To those who know nothing much about tools one set may look very much like another, but apart from a few crossover pieces, in general the tools needed for something like DIY or carpentry are quite different from those required for other practical work. You could think of it in comparison to baking or cooking, where particular pieces of equipment are necessary to create certain dishes.
When it comes to fixing a car there are hundreds of Automotive tools a mechanic may want to use, but here we are looking only at five of the most important. Obviously, these are what would be used for more basic or general repairs, as complex problems are likely to need something extra.
Five essential tools you will find in every auto mechanic’s toolbox
Tool #1 – Ratchet & Socket Set
It’s not really cheating to pair these two together as they often do come as a set, but if necessary you can get away with just a decent socket set. Look for a good set with both metric and standard sizes, various socket types, such as thin-walled, drivers and sockets in a few sizes, including 3/8 inch and ¼ inch, (or 6mm up to 24 or even 32 mm.) Any mechanic will get plenty of use from this kind of set, and is it come with small, medium and large ratchets then you have hit the car fixing jackpot.
Tool #2 – Pliers and Wirecutters
A decent set of pliers (different sizes) and some wire cutters are good for tackling brake work, and electrical tasks, concerning headlights, music systems etc, in a car.
Tool #3 – Torque Wrench
There’s no doubt the tires are an essential part of any automobile, and you need a torque wrench, (preferably the clicker-type), to tighten the nuts correctly, and be able to unscrew them safely too.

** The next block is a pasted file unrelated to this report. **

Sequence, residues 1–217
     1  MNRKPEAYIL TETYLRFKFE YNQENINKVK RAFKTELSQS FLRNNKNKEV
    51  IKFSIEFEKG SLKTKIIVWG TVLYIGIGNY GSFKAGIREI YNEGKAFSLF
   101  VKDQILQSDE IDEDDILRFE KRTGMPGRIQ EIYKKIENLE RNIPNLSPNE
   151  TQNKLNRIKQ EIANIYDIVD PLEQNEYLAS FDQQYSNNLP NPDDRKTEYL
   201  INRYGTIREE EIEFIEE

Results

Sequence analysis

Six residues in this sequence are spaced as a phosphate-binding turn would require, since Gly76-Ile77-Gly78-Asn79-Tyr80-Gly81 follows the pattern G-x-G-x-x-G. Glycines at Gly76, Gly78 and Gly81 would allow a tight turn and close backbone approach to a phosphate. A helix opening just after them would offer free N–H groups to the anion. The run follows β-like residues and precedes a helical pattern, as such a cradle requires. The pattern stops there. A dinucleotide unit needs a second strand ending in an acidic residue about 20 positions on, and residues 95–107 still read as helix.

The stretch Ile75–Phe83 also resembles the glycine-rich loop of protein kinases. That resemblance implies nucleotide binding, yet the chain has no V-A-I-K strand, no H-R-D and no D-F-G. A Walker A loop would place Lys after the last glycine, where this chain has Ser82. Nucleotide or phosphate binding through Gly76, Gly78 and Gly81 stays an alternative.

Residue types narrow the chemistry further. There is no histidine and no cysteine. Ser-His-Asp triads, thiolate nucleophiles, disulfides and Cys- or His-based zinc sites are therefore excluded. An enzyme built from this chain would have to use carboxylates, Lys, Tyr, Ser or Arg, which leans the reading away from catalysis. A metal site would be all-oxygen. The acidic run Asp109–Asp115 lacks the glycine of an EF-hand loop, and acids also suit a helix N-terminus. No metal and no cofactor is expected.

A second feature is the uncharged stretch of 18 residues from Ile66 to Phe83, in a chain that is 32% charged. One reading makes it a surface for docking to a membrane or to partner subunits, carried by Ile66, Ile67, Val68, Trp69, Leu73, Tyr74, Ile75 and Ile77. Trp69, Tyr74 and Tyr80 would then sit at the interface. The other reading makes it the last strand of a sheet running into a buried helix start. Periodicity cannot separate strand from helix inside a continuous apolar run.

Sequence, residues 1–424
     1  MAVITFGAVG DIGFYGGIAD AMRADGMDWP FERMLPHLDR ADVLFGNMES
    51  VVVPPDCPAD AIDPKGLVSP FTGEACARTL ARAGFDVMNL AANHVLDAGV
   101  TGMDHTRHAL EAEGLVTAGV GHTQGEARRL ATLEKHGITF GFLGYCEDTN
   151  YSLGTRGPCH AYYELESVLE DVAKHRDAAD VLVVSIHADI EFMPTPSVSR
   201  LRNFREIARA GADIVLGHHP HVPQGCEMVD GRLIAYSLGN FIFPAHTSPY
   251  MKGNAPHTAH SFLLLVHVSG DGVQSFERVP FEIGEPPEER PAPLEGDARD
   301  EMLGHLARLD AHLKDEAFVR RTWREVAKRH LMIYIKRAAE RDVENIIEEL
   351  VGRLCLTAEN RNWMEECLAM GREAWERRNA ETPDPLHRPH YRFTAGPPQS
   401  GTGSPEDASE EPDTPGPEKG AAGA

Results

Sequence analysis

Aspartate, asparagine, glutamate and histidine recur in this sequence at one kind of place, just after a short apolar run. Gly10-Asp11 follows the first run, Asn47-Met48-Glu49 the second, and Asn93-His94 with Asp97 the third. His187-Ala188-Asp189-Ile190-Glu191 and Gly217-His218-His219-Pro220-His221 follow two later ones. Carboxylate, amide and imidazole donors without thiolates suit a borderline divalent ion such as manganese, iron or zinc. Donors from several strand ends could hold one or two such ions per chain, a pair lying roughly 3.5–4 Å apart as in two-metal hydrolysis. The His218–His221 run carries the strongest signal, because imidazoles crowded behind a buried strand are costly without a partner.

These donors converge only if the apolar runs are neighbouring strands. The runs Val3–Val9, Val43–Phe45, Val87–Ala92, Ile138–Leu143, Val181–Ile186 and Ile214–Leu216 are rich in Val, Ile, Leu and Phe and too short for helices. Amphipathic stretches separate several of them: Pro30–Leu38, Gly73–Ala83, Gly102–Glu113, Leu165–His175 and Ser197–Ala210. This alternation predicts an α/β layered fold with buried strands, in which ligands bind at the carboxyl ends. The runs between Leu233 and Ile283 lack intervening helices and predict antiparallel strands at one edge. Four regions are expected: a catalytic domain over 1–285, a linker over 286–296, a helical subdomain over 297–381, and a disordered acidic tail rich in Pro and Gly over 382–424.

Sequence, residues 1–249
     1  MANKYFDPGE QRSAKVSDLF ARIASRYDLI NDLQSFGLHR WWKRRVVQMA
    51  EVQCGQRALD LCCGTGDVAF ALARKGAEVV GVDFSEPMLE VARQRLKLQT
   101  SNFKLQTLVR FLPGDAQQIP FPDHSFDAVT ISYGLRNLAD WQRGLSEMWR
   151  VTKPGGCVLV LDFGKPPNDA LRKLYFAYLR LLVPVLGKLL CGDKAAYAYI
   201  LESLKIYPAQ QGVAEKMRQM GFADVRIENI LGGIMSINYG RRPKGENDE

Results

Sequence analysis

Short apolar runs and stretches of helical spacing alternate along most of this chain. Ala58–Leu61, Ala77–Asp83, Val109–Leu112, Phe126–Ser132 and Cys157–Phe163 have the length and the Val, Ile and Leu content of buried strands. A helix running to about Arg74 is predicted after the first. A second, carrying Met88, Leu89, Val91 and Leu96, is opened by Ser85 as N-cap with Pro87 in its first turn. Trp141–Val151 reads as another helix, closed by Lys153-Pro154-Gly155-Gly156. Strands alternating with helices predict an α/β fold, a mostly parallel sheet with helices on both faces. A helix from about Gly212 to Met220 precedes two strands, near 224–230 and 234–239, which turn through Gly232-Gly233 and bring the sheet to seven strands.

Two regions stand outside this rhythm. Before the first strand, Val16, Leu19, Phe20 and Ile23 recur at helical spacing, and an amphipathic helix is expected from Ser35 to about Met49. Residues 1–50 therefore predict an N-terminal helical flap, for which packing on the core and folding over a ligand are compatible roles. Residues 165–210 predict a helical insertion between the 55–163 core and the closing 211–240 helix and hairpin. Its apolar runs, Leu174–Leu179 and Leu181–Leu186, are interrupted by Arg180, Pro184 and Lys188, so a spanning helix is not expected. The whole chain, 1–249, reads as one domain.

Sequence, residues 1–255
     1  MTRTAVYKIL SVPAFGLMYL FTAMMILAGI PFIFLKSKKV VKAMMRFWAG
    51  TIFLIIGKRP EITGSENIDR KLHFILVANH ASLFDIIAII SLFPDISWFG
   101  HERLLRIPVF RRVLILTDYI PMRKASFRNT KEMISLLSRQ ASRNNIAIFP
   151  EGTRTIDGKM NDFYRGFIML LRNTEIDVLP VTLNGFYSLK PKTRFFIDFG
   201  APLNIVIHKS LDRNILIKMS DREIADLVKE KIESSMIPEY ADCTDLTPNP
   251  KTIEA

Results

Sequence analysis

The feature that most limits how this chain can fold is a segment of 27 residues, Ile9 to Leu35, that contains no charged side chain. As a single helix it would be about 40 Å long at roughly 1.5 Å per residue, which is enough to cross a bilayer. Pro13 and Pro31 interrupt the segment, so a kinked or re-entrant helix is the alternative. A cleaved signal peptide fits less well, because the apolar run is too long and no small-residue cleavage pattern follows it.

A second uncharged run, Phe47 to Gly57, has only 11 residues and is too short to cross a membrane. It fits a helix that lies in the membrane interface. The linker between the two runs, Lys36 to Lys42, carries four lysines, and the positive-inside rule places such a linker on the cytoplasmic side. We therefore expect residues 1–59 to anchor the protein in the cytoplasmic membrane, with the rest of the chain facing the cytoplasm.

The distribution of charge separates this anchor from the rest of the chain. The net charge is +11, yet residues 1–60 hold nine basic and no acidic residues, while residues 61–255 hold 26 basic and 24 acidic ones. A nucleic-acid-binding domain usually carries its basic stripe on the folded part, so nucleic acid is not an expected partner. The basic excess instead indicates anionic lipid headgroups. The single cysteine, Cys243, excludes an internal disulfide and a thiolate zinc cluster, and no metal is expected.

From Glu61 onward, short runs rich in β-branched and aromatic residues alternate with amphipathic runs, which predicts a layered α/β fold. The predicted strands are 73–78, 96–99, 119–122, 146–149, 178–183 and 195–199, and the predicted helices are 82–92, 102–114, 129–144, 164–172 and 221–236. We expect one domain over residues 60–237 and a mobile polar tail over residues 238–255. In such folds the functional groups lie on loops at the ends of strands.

Tool #4 – Wrenches
There are lots of different types of wrenches, so if you are unsure what to pick go for a ratcheting wrench set. They are an easy tool to use, you’ll get plenty of use from them, and if you go for wrenches made from something like chrome-vanadium alloy they will last as long as you ever need them, and then some. You can usually choose between metric and standard sets, and a maximum size of 21-24mm is usually enough for most people.
Tool #5 – Screwdrivers
No toolbox, however basic, is going to be much use without a decent set of screwdrivers. Ideally buy a set which includes a bigger sized flathead screwdriver, some really small ones for more delicate jobs, and a couple of short bodied (stubbed) versions for when you have to work in a compromised space. With a decent set you should be able to tackle pretty much any screw you come across.
Here we have looked at only a few key toolbox items – in reality there’s never going to be a limit on what you may feel is ‘absolutely essential’ to put in yours. Still, you have a lifetime to collect, so starting with the most useful items is always the best way to go.